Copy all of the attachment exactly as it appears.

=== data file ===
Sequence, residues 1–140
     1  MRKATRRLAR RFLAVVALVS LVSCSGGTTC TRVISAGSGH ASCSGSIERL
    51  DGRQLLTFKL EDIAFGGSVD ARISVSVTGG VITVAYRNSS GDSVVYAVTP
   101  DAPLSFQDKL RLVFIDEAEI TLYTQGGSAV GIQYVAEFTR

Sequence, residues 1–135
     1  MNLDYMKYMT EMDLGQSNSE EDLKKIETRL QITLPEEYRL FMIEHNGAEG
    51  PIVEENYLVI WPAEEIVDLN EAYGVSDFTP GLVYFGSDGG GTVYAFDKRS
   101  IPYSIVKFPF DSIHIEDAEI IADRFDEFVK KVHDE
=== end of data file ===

Sequence, residues 1–140
     1  MRKATRRLAR RFLAVVALVS LVSCSGGTTC TRVISAGSGH ASCSGSIERL
    51  DGRQLLTFKL EDIAFGGSVD ARISVSVTGG VITVAYRNSS GDSVVYAVTP
   101  DAPLSFQDKL RLVFIDEAEI TLYTQGGSAV GIQYVAEFTR

Sequence, residues 1–135
     1  MNLDYMKYMT EMDLGQSNSE EDLKKIETRL QITLPEEYRL FMIEHNGAEG
    51  PIVEENYLVI WPAEEIVDLN EAYGVSDFTP GLVYFGSDGG GTVYAFDKRS
   101  IPYSIVKFPF DSIHIEDAEI IADRFDEFVK KVHDE